HIV continues to be a hot topic, especially in areas where it’s notorious for infecting large amounts of people. The answer for many people, particularly in those areas, comes in the form of a daily medication that has proven to prevent the contraction of the virus.
The treatment is known as pre-exposure prophylaxis (PrEP), or Truvada, and prevents new HIV infections in high-risk individuals. All 657 patients who took part in the 2012 study were prevented from receiving an HIV infection over the course of two-and-a-half years.
The Food and Drug Administration approved a fixed-dose treatment in 2012 for people who don’t have the virus, but are at risk of contracting it. Health officials recommend gay and bisexual men, drug users and women in some African-American communities, should be particularly careful about contracting HIV and should use the pills to protect themselves.
Dr. Diane Havlir, an AIDS specialist at the University of California, San Francisco, told reporters that the new pill is the beginning to the end of the AIDS epidemic.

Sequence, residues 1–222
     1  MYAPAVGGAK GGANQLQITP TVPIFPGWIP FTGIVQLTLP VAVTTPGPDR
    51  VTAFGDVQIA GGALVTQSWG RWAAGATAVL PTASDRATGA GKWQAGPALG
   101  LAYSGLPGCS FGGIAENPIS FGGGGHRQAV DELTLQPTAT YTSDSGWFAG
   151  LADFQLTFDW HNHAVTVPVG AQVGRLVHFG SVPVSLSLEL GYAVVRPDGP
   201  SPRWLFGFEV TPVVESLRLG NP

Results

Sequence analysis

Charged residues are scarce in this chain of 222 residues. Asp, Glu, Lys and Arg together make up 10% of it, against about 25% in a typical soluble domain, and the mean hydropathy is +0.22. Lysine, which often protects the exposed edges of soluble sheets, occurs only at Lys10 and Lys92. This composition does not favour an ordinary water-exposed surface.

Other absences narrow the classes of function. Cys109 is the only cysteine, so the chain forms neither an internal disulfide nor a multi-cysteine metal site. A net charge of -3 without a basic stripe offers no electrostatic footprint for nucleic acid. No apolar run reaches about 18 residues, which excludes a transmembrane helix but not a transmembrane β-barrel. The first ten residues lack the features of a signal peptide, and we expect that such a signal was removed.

Over the past three years, there has been a series of breakthroughs in interventions that can dramatically curb the rate of infections with HIV.
In experiments involving more than 9,800 people world-wide who are at high-risk of HIV infection, Truvada cut the risk of infection by almost two-thirds. In other experiments where Truvada was used with a second drug, Emtriva, it cut the risk by 49 percent.
According to the Centers for Disease Control, more than 1.2 million people in the U.S. have HIV, and one in eight of those infected are unaware they have it. The Department of Health and Human Services states that approximately 50,000 Americans are diagnosed with HIV every year, and that African American and black males are more at risk than others. HIV has led to the death of approximately 25 million people.
Charles Okwundu of Stellenbosch University in South Africa said that although antiretroviral drugs can reduce the risk of HIV infection there is still controversy over its use.
One concern is the long-term side effects of antiretroviral drugs used over many years by uninfected individuals….There are also concerns that PrEP will lead to an increase in high-risk behavior. If PrEP is not completely effective, even a partial reduction in use of safer sex could lead to an increased rate of HIV transmission.
Currently, Truvada costs more than $1,000 a month in the U.S. Gilead Sciences, Inc., a pharmaceutical company, provides cheaper generic versions for make and distribution.